So, your problem isn’t that the coffee beans you get pre-bagged will outlast the two weeks for which you’re supposed to buy the pack; your issue is that the pre-bagged beans are most likely not fresh anyway.

Therefore going to a roaster is the only way to ensure that the beans you get are fresh. And I know that not everyone lives near a coffee roaster or a coffee shop that gives roasted beans by the ounce. If you live far enough from a roaster that visiting the shop twice a month is unfeasible, here are some tips on how to make coffee beans last long.

Avoid Glass Jars

Transparent storage may be esthetically appealing but is bad for the taste buds. Letting light into your coffee bean container is the second fastest way to make sure your coffee gets stale; the first is to put your coffee in a wet spot.

Store in Multiple Containers

If you take out the beans and put them in a container, they’ve only been exposed to air and the environment once. But with each opening (a minimum of two every week), you invite fresh elements from the environment to go on an interactive session with your precious coffee beans. Smaller containers marked by the week mean you get to use up portions without affecting the rest.

Freeze the Beans

The best way to make sure your coffee lasts the longest is to pop it in the freezer. However, there’s a lot of tact to this. Firstly, you don’t want to freeze your coffee in a container with a lot of air. Air contains water vapor that will turn liquid once the container is in the freezer. 

Heaping coffee beans into a container, so the air has no room is the best way to ensure your coffee beans interact with as little of the environment as possible. Obviously, the temperature will help keep the reactivity low.

Use a Stainless Steel Container

You should use an opaque metal container, preferably stainless steel, so that the packaging doesn’t react with the roasted beans. Most roasted beans come in paper bags and disposable packaging. Leaving these in the freezer is a big mistake as condensation can kickstart a reactive process. 

When you get your stainless steel container, make sure it is small because you’re supposed to store them in small portions. I recommend DLL Bamboo Lid Canisters for this because these containers are aesthetic enough to be used for display as well as to freeze beans away from your guests’ eyes.

Get Airtight Container

While this might seem obvious to some, getting an airtight container is crucial for the beans that you leave outside the freezer. You might have four to five containers of coffee beans, depending on how often you want to shop and how much you choose to consume.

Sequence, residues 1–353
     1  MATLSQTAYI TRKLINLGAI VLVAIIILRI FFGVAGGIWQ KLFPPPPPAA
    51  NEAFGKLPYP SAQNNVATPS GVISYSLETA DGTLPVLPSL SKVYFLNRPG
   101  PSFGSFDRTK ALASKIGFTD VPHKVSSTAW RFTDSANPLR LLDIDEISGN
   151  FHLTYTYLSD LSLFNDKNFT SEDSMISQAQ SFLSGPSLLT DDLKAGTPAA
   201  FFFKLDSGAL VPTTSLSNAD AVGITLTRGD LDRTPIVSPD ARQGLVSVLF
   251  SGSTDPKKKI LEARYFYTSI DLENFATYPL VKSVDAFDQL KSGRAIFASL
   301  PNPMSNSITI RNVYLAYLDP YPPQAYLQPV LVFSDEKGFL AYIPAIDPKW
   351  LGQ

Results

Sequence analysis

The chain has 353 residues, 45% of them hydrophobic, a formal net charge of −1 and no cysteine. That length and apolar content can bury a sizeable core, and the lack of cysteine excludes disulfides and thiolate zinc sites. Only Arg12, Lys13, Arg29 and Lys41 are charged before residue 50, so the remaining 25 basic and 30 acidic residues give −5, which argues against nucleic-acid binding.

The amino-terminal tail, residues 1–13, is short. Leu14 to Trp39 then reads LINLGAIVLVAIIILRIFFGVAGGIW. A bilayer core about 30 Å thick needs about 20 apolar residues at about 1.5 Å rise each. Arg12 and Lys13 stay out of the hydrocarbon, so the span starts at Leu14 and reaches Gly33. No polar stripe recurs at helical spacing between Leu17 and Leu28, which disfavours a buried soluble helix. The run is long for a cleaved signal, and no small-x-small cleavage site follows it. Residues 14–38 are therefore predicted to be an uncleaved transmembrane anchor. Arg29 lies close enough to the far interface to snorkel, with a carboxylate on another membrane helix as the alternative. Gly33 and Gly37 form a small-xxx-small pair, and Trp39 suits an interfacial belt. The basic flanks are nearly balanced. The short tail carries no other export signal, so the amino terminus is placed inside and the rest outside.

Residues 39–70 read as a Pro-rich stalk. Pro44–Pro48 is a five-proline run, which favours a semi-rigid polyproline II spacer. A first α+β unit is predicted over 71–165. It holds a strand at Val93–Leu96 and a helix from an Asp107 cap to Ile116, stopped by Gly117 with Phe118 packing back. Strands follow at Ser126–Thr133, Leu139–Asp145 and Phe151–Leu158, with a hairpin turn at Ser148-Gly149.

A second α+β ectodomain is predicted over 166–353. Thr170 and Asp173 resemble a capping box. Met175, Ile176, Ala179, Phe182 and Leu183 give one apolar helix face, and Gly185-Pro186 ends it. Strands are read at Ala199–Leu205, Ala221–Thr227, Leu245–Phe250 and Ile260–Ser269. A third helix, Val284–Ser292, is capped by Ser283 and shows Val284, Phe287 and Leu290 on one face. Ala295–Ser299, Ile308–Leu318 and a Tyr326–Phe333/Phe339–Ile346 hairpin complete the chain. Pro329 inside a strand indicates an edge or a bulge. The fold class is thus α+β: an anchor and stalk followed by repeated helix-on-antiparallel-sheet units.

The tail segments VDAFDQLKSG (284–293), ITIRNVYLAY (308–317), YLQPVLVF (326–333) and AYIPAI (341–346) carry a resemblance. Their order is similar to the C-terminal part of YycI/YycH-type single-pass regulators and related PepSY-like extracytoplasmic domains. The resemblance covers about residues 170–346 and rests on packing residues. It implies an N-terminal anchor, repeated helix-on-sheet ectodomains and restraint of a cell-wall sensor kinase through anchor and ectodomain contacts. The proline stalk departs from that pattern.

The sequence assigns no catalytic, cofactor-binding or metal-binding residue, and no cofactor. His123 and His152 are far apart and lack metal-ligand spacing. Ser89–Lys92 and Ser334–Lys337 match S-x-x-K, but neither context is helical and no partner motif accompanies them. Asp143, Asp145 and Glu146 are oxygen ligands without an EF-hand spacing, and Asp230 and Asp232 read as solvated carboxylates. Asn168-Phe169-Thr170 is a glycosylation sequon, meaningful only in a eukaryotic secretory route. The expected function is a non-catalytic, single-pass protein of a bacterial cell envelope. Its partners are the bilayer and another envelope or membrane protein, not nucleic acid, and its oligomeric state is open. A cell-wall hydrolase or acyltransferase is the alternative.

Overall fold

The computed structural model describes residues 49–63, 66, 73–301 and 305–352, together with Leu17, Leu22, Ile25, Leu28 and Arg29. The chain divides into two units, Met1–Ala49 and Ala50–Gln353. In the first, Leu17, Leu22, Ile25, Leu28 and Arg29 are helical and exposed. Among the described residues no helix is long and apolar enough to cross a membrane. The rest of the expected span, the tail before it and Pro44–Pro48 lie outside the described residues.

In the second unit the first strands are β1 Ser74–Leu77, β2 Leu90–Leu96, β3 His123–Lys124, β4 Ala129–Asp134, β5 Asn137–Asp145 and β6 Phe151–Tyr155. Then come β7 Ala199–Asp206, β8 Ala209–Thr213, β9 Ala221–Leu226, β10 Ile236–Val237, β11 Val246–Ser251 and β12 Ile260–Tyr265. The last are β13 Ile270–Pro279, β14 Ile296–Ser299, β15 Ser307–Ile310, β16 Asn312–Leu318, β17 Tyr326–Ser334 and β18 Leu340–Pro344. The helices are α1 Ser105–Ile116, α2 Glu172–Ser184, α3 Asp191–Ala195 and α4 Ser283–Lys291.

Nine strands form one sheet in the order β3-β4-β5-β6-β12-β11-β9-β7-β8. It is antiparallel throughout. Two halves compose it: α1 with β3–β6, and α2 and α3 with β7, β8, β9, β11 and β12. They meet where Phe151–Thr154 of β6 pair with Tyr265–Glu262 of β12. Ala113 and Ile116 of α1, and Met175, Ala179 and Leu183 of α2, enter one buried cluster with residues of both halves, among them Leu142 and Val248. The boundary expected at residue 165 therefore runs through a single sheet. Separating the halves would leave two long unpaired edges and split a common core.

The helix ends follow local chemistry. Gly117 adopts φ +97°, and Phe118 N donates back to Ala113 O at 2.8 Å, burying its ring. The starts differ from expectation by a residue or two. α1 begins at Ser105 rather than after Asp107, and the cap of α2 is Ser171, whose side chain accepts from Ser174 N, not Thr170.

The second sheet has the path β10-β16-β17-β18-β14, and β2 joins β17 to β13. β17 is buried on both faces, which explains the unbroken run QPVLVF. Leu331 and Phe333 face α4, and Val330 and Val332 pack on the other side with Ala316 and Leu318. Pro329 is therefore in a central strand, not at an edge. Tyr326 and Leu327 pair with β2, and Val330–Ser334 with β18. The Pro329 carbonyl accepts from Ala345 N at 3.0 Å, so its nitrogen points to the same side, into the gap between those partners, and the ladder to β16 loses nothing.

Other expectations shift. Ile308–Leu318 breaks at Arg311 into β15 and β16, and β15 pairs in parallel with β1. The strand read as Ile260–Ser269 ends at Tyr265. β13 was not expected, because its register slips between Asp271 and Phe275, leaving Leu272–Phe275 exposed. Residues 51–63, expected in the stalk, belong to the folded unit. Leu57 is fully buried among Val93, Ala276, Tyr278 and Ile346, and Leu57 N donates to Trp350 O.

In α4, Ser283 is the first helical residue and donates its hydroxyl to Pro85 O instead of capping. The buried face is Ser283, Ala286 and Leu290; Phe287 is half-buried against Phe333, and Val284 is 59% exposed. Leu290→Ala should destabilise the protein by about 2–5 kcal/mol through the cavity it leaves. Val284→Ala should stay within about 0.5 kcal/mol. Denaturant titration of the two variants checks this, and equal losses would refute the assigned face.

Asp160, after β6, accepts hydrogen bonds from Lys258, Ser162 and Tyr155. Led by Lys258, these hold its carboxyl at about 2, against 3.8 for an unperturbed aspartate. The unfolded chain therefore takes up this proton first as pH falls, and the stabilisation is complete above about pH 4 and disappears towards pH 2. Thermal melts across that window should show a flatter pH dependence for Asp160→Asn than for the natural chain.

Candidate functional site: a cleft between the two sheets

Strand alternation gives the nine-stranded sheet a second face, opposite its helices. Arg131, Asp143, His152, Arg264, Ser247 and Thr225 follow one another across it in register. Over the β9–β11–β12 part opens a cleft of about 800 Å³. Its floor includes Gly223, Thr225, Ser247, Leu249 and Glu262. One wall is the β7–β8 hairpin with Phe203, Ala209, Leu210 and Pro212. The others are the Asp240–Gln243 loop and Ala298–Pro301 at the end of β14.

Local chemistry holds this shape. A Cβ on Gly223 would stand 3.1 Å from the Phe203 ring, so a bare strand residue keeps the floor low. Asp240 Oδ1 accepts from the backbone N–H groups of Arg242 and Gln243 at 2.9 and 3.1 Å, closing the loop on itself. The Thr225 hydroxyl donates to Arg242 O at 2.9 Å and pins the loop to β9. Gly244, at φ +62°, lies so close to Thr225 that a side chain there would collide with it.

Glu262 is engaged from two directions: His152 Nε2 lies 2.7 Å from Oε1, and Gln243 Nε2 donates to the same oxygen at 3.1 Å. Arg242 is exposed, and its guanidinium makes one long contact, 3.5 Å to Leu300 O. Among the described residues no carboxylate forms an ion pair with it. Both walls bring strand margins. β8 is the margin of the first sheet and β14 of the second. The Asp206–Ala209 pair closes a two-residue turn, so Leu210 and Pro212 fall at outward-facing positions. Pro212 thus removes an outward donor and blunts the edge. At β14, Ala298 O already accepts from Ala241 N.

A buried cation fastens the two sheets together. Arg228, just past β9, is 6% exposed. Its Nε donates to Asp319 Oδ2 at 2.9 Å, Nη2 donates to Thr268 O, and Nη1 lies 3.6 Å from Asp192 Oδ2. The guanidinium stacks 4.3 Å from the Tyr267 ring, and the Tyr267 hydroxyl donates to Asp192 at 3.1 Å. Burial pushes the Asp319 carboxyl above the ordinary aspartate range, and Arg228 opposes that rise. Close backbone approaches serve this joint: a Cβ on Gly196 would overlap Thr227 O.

To get airtight containers in dozens, however, isn’t feasible for most people. As long as your coffee beans are in the freezer, being airtight doesn’t matter as much. That’s because a low temperature lowers reactivity. 

So only get one airtight container, and don’t make the mistake of getting one that’s too big for the portion. Even if a container is “airtight,” it will have air if it is partway filled. While I recommend CafetastiQ Coffee Canister for this, I also insist that you find your portion size before deciding whether you should get this.

To determine portion size, simply divide the beans up into four batches per month (if you’ll grind twice a week) or two batches if you’ll grind weekly. Estimate from the bean piles how big each container needs to be. Getting a smaller container isn’t as problematic as ending up with a larger one. 

For example, if you get a container that stores half a cup of beans but you want to store one cup, you can order another of the container. But if you want to take out one cup at a time and your container is two cups large, you’re forced to let half the beans interact with air.

Get Unroasted Beans

This is pretty “out there” as a solution for keeping coffee fresh, and even the most consummate coffee lovers will not go this far in trying to preserve the freshness of their coffee. But if you can get unroasted beans, you can store them forever. 

If you do this and can roast the beans at home, I recommend roasting once a month and storing them as described above. Again, this is for the few who live in remote areas and are pretty far from a coffee shop from where they can buy roasted beans once a month.

Final Thoughts

You can technically grind coffee before every cup, so the question of how often you should grind isn’t about how frequently you can do it. It is about the minimum frequency of roasting that brings you the freshest coffee. Usually, twice a week is practical enough, and your coffee is indistinguishably fresh, but this can change according to the environment you live in.


Tim S.

Tim loves roasting, brewing, and experimenting with coffee. After years of perfecting this craft, working as a barista, and owning a small coffee service in college, he has decided to share his knowledge with the world.